At the Corinthian end of the fleet, charter and sailing school entries are swelling in number. Typically these companies sell berths to individuals for the season enabling them to carry out their qualifications.

Hamble School of Yachting, for example, is fielding two Jeanneau Sun Fast 37s, each with six amateur crew plus a professional skipper and mate. "It is a bucket list item - something they have always wanted to do," says Director Chris Rushton of the attraction to his customers. "They are all first timers of mixed ability but a lot of them haven't done any racing before."

Their crew have already completed their ISAF Sea Survival and First Aid courses and this season will compete in the RORC's Myth of Malham, De Guingand Bowl and Cowes-Dinard-St Malo races as their qualification.

Eddie Warden Owen, Chief Executive of the Royal Ocean Racing Club explains the uniqueness of the Rolex Fastnet Race:

"The Rolex Fastnet Race is a world classic and probably the largest, most famous of its type. This year the demand has been huge with places selling out in 24 minutes and a waiting list of over 80 boats. The challenge for many is completing what can be a very tough adventure, but also its attraction for the experienced offshore racer is that they can compete with the top professionally raced yachts and have a realistic chance of winning. In 2013 the race was won by a very experienced father and son team sailing two handed which shows that anyone has a chance of winning the most prestigious race in the world calendar."

Published in Fastnet
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Fastnet Yacht Race 

This race is both a blue riband international yachting fixture and a biennial offshore pilgrimage that attracts crews from all walks of life:- from aspiring sailors to professional crews; all ages and all professions. Some are racing for charity, others for a personal challenge. For the world's top professional sailors, it is a 'must-do' race. For some, it will be their first-ever race, and for others, something they have competed in for over 50 years! The race attracts the most diverse fleet of yachts, from beautiful classic yachts to some of the fastest racing machines on the planet – and everything in between. The testing course passes eight famous landmarks along the route: The Needles, Portland Bill, Start Point, the Lizard, Land’s End, the Fastnet Rock, Bishop’s Rock off the Scillies and Plymouth breakwater (now Cherbourg for 2021 and 2023). After the start in Cowes, the fleet heads westward down The Solent, before exiting into the English Channel at Hurst Castle. The finish is in Plymouth, Devon via the Fastnet Rock, off the southern tip of Ireland.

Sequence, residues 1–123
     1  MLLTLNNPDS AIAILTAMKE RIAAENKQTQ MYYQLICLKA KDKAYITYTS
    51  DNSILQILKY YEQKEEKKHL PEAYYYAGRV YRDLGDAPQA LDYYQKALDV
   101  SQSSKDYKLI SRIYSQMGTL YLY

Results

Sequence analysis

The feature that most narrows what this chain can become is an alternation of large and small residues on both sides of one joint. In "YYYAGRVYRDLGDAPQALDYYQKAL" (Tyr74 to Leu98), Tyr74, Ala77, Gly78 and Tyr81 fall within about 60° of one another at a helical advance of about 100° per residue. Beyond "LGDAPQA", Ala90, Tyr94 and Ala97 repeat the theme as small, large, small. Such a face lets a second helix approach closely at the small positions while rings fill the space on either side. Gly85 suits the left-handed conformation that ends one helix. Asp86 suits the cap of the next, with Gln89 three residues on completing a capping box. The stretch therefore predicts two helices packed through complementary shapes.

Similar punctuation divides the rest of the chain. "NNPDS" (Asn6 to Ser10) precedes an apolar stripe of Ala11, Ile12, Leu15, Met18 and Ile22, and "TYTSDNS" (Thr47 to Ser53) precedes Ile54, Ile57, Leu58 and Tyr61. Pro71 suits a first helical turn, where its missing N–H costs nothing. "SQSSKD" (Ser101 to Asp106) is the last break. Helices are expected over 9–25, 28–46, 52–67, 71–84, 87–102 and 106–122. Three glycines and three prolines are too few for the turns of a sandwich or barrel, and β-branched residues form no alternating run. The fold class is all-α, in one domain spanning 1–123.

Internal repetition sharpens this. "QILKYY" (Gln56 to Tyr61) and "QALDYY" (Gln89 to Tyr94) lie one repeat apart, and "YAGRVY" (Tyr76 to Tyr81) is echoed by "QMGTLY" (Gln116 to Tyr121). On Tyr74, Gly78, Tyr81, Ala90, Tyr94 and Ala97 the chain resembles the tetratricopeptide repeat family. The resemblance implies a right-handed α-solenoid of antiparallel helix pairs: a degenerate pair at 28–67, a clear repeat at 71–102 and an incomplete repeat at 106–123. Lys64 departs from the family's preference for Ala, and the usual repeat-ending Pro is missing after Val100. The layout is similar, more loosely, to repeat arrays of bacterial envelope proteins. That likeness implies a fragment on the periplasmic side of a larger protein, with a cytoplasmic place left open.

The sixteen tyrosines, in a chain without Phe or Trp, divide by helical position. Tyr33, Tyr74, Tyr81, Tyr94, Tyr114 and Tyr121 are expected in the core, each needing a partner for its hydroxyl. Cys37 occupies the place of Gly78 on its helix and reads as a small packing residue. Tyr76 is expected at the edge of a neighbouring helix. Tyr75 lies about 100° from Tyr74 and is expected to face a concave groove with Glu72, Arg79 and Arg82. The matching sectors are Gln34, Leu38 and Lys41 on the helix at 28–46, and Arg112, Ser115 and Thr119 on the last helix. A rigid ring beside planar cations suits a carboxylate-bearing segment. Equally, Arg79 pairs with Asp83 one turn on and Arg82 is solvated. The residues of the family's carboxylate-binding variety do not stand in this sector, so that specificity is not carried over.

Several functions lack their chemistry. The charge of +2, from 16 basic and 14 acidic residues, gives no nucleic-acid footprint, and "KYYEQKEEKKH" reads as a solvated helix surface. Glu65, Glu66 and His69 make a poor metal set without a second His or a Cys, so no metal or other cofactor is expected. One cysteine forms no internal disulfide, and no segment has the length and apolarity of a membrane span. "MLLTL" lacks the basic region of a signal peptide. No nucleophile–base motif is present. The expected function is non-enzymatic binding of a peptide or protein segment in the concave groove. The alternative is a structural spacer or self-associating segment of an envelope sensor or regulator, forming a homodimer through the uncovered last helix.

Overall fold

• The leg across the Celtic Sea to (and from) the Fastnet Rock is known to be unpredictable and challenging. The competitors are exposed to fast-moving Atlantic weather systems and the fleet often encounter tough conditions
  • Flawless decision-making, determination and total commitment are the essential requirements. Crews have to manage and anticipate the changing tidal and meteorological conditions imposed by the complex course
  • The symbol of the race is the Fastnet Rock, located off the southern coast of Ireland. Also known as the Teardrop of Ireland, the Rock marks an evocative turning point in the challenging race
  • Once sailors reach the Fastnet Rock, they are well over halfway to the finish in Plymouth.
  • The lighthouse first shone its light on New Year’s Day in 1854
    Fastnet Rock originally had six keepers (now unmanned), with four on the rock at a time with the other two on leave. Each man did four weeks on, two weeks off

At A Glance – Fastnet Race

  • The world's largest offshore yacht race
  • The biennial race is 605 nautical miles - Cowes, Fastnet Rock, Plymouth
  • A fleet of over 400 yachts regularly will take part
  • The international fleet is made up of over 26 countries
  • Multihull course record: 1 day, 8 hours, 48 minutes (2011, Banque Populaire V)
  • Monohull course record: 1 day, 18 hours, 39 minutes (2011, Volvo 70, Abu Dhabi)
  • Largest IRC Rated boat is the 100ft (30.48m) Scallywag 100 (HKG)
  • Some of the Smallest boats in the fleet are 30 footers
  • Rolex SA has been a longstanding sponsor of the race since 2001
  • The first race was in 1925 with 7 boats. The Royal Ocean Racing Club was set up as a result